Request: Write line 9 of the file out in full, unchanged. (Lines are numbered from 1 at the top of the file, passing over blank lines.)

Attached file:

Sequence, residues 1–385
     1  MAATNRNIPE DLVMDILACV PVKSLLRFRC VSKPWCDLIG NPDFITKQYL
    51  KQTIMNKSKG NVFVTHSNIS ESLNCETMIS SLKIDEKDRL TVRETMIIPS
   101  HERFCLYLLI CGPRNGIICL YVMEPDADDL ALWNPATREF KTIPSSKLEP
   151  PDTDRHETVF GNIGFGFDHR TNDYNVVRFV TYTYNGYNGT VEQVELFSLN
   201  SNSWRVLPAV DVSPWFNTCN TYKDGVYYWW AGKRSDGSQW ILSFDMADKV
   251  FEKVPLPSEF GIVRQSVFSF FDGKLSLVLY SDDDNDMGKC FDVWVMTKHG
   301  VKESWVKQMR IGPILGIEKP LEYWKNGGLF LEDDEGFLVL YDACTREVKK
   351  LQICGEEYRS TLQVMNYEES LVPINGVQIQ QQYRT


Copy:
   351  LQICGEEYRS TLQVMNYEES LVPINGVQIQ QQYRT